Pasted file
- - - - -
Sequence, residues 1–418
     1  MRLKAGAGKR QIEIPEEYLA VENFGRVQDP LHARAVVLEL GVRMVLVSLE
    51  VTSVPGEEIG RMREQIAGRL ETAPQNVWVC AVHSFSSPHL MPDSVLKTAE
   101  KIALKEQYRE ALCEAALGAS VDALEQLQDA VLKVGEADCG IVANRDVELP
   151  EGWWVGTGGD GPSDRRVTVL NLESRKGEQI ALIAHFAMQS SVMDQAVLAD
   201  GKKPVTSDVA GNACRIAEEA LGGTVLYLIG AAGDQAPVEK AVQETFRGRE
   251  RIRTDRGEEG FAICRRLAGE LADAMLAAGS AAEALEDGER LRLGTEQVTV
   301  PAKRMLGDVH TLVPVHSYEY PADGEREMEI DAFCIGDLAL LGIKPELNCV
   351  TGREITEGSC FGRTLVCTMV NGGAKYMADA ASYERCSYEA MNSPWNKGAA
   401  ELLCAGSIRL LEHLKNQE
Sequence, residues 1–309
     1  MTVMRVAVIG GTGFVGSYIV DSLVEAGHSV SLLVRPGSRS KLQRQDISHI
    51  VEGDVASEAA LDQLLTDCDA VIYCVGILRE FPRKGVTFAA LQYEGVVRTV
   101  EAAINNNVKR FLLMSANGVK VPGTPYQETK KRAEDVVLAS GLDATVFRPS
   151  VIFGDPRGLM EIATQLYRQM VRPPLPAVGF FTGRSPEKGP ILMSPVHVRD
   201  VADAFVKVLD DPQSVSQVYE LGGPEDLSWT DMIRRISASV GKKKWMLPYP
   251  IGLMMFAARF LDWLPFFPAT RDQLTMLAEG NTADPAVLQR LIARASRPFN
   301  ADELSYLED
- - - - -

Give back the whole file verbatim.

Sequence, residues 1–418
     1  MRLKAGAGKR QIEIPEEYLA VENFGRVQDP LHARAVVLEL GVRMVLVSLE
    51  VTSVPGEEIG RMREQIAGRL ETAPQNVWVC AVHSFSSPHL MPDSVLKTAE
   101  KIALKEQYRE ALCEAALGAS VDALEQLQDA VLKVGEADCG IVANRDVELP
   151  EGWWVGTGGD GPSDRRVTVL NLESRKGEQI ALIAHFAMQS SVMDQAVLAD
   201  GKKPVTSDVA GNACRIAEEA LGGTVLYLIG AAGDQAPVEK AVQETFRGRE
   251  RIRTDRGEEG FAICRRLAGE LADAMLAAGS AAEALEDGER LRLGTEQVTV
   301  PAKRMLGDVH TLVPVHSYEY PADGEREMEI DAFCIGDLAL LGIKPELNCV
   351  TGREITEGSC FGRTLVCTMV NGGAKYMADA ASYERCSYEA MNSPWNKGAA
   401  ELLCAGSIRL LEHLKNQE
Sequence, residues 1–309
     1  MTVMRVAVIG GTGFVGSYIV DSLVEAGHSV SLLVRPGSRS KLQRQDISHI
    51  VEGDVASEAA LDQLLTDCDA VIYCVGILRE FPRKGVTFAA LQYEGVVRTV
   101  EAAINNNVKR FLLMSANGVK VPGTPYQETK KRAEDVVLAS GLDATVFRPS
   151  VIFGDPRGLM EIATQLYRQM VRPPLPAVGF FTGRSPEKGP ILMSPVHVRD
   201  VADAFVKVLD DPQSVSQVYE LGGPEDLSWT DMIRRISASV GKKKWMLPYP
   251  IGLMMFAARF LDWLPFFPAT RDQLTMLAEG NTADPAVLQR LIARASRPFN
   301  ADELSYLED